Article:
Two Great Locations, One Organization
Update June 11: a reader asks if the fruits of the sausage tree are edible. No – it would be “like eating a doormat” – all fiber – according to our curator.

Matthaei-Nichols horticulture manager Mike Palmer reports on the progress of the sausage trees (Kigelia africana) in the conservatory at Matthaei Botanical Gardens. Palmer notes that there are two flower stalks on what he calls the “north” sausage tree. The compass point refers to the fact that there are two sausage trees, one on the north end of the tropical house and one on the south end. The presence of flowers on the north sausage tree indicates that we will eventually have new fruits on a plant whose gigantic, sausage-shaped fruits are perennially popular with visitors.
The Sausage Tree Back Story
What’s up with the flowers, and why does it matter that the north tree has flower stalks? A sausage tree (Kigelia africana) is self-incompatible, which means that the pollen of any flower from the same tree cannot successfully pollinate its own female flowers. Two trees that are not genetically identical are needed for cross-pollination to occur and for the plant to set fruit. Fortunately the north and south sausage trees are genetically different plants.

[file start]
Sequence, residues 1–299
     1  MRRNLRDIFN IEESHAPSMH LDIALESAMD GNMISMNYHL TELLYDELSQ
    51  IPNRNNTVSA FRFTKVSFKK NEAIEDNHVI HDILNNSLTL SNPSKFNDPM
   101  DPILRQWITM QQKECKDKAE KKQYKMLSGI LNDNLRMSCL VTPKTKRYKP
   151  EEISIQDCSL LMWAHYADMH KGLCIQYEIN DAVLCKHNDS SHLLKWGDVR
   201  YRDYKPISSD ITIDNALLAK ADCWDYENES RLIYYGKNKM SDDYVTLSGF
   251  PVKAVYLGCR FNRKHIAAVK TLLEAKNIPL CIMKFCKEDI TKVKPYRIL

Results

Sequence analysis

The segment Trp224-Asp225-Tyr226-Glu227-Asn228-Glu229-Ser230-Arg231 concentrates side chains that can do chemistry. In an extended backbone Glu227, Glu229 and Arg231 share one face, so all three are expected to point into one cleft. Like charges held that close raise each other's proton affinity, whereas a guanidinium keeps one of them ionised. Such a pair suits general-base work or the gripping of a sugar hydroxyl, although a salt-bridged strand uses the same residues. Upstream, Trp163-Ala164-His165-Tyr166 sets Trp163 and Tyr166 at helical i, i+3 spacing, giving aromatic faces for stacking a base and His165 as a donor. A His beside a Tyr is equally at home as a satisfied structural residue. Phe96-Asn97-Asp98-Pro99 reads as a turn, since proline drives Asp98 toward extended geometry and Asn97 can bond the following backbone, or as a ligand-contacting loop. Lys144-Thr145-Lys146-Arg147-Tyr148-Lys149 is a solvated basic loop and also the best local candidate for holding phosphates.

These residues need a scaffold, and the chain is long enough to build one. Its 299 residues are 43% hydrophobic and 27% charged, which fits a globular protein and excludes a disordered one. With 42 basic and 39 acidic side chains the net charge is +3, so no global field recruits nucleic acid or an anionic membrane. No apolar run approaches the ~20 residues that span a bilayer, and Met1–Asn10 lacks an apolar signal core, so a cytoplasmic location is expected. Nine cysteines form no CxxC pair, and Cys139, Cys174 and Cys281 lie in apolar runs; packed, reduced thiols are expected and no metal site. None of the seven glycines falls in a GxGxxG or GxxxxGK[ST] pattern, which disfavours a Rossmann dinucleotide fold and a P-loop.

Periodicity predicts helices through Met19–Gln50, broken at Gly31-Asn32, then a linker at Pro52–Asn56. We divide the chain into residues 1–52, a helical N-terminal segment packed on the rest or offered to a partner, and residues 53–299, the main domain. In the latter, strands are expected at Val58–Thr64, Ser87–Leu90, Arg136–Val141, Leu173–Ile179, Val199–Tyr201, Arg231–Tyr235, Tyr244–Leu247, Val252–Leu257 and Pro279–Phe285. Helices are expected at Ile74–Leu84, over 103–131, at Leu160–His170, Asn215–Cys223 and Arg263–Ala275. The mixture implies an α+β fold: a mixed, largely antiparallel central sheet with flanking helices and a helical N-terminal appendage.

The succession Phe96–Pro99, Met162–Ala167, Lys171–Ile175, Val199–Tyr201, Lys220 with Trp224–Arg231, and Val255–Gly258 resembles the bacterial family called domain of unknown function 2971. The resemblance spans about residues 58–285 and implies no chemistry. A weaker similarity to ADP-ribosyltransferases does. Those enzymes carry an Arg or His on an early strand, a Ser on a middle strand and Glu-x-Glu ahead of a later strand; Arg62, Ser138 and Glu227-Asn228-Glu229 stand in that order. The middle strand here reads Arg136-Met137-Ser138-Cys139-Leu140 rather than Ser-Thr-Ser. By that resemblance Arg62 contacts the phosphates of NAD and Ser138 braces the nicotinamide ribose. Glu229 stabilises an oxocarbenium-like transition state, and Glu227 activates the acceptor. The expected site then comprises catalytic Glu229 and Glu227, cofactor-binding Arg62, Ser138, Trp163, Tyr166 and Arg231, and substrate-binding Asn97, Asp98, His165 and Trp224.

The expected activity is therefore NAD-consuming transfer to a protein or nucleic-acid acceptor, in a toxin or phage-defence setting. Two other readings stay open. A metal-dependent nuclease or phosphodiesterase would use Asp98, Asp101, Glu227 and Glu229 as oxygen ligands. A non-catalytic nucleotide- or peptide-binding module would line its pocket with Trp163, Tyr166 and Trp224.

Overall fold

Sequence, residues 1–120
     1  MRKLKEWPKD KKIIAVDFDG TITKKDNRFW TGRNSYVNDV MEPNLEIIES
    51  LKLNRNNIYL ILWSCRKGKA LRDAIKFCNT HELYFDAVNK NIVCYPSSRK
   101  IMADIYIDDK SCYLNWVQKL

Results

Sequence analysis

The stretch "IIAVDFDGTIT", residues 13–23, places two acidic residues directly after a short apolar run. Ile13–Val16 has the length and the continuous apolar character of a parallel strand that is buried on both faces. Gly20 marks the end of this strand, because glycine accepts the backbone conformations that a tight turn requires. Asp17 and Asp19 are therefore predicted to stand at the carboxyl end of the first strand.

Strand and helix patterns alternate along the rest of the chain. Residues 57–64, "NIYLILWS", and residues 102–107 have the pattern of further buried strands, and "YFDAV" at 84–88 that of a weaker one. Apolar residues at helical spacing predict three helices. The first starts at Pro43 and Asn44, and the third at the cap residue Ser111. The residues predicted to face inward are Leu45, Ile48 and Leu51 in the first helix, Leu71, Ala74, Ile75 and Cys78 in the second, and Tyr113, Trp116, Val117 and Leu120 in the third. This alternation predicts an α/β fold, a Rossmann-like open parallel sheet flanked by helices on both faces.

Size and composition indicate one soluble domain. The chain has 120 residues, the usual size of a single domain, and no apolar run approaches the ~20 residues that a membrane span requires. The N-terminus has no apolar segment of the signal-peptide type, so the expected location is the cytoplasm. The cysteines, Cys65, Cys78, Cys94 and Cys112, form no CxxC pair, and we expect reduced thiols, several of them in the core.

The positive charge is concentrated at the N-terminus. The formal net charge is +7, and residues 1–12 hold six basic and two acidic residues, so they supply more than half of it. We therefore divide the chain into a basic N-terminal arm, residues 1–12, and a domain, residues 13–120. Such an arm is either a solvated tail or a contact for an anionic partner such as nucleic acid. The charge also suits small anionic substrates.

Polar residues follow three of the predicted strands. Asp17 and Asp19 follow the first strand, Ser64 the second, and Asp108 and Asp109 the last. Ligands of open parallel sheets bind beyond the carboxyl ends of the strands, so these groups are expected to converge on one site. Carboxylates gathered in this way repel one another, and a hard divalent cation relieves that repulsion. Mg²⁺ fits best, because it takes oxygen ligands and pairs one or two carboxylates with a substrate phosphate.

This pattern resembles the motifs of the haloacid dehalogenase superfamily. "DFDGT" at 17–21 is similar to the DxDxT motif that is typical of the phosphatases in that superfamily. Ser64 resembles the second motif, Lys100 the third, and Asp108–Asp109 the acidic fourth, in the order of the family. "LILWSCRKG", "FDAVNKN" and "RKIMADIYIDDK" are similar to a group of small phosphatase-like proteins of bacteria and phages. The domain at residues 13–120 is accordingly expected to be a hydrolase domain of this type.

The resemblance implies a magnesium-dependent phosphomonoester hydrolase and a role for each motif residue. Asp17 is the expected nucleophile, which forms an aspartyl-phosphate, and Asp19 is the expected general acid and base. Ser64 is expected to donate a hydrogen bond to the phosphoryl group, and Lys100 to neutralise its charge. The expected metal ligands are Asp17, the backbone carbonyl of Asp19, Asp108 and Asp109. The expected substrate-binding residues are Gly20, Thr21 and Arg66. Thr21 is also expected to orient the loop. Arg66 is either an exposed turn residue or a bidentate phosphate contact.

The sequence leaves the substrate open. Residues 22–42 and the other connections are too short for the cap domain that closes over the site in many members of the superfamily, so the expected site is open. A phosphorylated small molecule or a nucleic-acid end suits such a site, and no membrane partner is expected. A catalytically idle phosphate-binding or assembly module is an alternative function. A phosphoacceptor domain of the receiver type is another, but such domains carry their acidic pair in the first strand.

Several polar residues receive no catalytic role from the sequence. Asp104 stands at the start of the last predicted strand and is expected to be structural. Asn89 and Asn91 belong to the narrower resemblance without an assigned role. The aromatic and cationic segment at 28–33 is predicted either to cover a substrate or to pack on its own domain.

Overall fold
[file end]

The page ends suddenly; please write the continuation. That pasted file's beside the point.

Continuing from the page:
Above: Two sausage tree flowers, one with all its parts (A stigma and four anthers) and the other minus the anthers that contain the pollen that Matthaei-Nichols staff preserved in the freezer.








Adding another layer of complexity, the species of sausage trees in the Matthaei Botanical Gardens conservatory are bat-pollinated. Since we have no bats in the conservatory, mere humans—Matthaei-Nichols staff—must hand-pollinate the flowers, bringing pollen from one plant to the other to get fruits to form on each tree.

Above: The fruit of the sausage tree.
Finally, in order to fruit, two different sausage trees must also be flowering at the same time. Last year the north sausage tree didn’t flower at all, hence no new fruits. This year the two trees are a bit out of sync. Hedging his bets, Palmer collected and froze pollen from the south sausage tree when it was in bloom. When the north sausage tree finally blooms we can use the preserved pollen to pollinate it. “It works!” says Palmer, who has used the technique before.
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